courage. Should she not have the pleasures of a woman? To her
court in Holyrood came Bothwell once again, and this time Mary
knew that he was all the world to her. Darnley had shrunk from the
hardships of battle. He was steeped in low intrigues. He roused
the constant irritation of the queen by his folly and utter lack
of sense and decency. Mary felt she owed him nothing, but she
forgot that she owed much to herself.

Her old amorous ways came back to her, and she relapsed into the
joys of sense. The scandal-mongers of the capital saw a lover in
every man with whom she talked. She did, in fact, set convention
at defiance. She dressed in men's clothing. She showed what the
unemotional Scots thought to be unseemly levity. The French poet,
Chastelard, misled by her external signs of favor, believed
himself to be her choice. At the end of one mad revel he was found
secreted beneath her bed, and was driven out by force. A second
time he ventured to secrete himself within the covers of the bed.
Then he was dragged forth, imprisoned, and condemned to death. He
met his fate without a murmur, save at the last when he stood upon
the scaffold and, gazing toward the palace, cried in French:

"Oh, cruel queen! I die for you!"

Another favorite, the Italian, David Rizzio, or Riccio, in like
manner wrote love verses to the queen, and she replied to them in
kind; but there is no evidence that she valued him save for his
ability, which was very great. She made him her foreign secretary,
and the man whom he supplanted worked on the jealousy of Darnley;
so that one night, while Mary and Rizzio were at dinner in a small
private chamber, Darnley and the others broke in upon her. Darnley
held her by the waist while Rizzio was stabbed before her eyes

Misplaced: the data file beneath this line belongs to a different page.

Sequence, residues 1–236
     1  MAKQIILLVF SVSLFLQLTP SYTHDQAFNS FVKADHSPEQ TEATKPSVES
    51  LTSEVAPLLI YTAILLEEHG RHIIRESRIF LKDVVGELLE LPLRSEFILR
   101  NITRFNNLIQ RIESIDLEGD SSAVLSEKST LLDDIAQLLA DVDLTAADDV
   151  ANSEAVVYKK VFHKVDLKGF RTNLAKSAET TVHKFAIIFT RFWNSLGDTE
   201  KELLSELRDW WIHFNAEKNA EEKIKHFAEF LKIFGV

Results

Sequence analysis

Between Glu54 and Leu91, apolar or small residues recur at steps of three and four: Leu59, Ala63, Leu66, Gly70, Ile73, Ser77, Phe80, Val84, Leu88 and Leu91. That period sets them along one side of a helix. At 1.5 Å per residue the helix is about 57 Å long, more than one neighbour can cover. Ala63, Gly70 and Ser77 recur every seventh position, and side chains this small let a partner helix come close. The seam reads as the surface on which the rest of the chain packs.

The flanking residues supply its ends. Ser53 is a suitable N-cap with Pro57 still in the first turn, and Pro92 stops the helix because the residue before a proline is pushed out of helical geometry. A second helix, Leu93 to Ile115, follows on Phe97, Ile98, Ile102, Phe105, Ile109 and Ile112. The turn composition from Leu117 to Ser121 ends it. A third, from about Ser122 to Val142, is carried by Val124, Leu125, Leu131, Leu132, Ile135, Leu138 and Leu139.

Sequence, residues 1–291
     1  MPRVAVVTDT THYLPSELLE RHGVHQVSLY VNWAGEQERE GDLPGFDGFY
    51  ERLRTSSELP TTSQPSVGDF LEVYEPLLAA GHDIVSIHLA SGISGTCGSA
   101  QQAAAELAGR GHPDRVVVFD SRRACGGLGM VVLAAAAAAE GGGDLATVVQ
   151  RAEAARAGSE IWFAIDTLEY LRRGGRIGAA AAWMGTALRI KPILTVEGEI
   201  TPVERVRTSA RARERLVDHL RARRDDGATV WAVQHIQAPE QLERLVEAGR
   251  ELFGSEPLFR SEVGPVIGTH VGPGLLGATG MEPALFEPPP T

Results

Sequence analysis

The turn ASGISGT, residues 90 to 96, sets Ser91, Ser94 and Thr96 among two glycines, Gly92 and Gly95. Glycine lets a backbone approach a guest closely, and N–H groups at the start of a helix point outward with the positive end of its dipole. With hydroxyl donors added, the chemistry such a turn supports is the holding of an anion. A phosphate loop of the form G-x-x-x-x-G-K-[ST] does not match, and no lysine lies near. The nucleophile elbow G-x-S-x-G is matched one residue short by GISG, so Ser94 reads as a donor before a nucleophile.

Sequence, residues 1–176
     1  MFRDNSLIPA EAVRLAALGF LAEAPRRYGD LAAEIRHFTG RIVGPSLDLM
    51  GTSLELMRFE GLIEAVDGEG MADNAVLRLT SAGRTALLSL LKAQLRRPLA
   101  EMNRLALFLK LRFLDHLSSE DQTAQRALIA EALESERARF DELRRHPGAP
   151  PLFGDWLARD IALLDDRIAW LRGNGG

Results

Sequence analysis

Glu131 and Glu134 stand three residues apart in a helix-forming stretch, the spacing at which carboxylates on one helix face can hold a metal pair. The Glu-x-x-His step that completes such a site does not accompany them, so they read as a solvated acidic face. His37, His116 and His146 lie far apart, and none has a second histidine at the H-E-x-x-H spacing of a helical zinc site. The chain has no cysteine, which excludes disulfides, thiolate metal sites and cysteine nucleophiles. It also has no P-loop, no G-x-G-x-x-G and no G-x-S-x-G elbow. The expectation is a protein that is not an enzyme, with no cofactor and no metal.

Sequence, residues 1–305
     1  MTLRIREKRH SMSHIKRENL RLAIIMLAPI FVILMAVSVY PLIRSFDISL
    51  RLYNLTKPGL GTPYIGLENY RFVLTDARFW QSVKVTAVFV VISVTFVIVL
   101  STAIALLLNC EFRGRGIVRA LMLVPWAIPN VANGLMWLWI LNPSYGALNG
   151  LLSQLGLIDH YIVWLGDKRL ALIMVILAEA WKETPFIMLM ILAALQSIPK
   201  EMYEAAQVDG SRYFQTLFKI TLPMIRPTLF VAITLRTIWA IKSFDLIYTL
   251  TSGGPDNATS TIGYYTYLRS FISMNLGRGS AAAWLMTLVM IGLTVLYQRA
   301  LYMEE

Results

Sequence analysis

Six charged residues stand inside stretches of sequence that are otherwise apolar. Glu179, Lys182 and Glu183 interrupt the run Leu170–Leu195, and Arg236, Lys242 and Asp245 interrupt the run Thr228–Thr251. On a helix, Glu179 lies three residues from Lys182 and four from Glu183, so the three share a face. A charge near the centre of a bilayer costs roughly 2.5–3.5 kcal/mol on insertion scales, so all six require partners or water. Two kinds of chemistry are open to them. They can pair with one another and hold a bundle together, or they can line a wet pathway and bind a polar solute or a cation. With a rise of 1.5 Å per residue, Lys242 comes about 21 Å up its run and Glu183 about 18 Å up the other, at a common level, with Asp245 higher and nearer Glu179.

with a cruelty the greater because the queen was soon to become a

From that moment she hated Darnley as one would hate a snake. She
tolerated him only that he might acknowledge her child as his son.
This child was the future James VI. of Scotland and James I. of
England. It is recorded of him that never throughout his life
could he bear to look upon drawn steel.

After this Mary summoned Bothwell again and again. It was revealed
to her as in a blaze of light that, after all, he was the one and
only man who could be everything to her. His frankness, his
cynicism, his mockery, his carelessness, his courage, and the
power of his mind matched her moods completely. She threw away all
semblance of concealment. She ignored the fact that he had married
at her wish. She was queen. She desired him. She must have him at
any cost.

"Though I lose Scotland and England both," she cried in a passion
of abandonment, "I shall have him for my own!"

Bothwell, in his turn, was nothing loath, and they leaped at each
other like two flames.

It was then that Mary wrote those letters which were afterward
discovered in a casket and which were used against her when she
was on trial for her life. These so-called Casket Letters, though
we have not now the originals, are among the most extraordinary
letters ever written. All shame, all hesitation, all innocence,
are flung away in them. The writer is so fired with passion that
each sentence is like a cry to a lover in the dark. As De Peyster
says: "In them the animal instincts override and spur and lash the
pen." Mary was committing to paper the frenzied madness of a woman
consumed to her very marrow by the scorching blaze of unedurable

Events moved quickly. Darnley, convalescent from an attack of
smallpox, was mysteriously destroyed by an explosion of gunpowder.
Bothwell was divorced from his young wife on curious grounds. A
dispensation allowed Mary to wed a Protestant, and she married
Bothwell three months after Darnley's death.

Here one sees the consummation of what had begun many years before
in France. From the moment that she and Bothwell met, their union
was inevitable. Seas could not sunder them. Other loves and other
fancies were as nothing to them. Even the bonds of marriage were
burst asunder so that these two fiery, panting souls could meet.

It was the irony of fate that when they had so met it was only to
be parted. Mary's subjects, outraged by her conduct, rose against
her. As she passed through the streets of Edinburgh the women
hurled after her indecent names. Great banners were raised with
execrable daubs representing the murdered Darnley. The short and
dreadful monosyllable which is familiar to us in the pages of the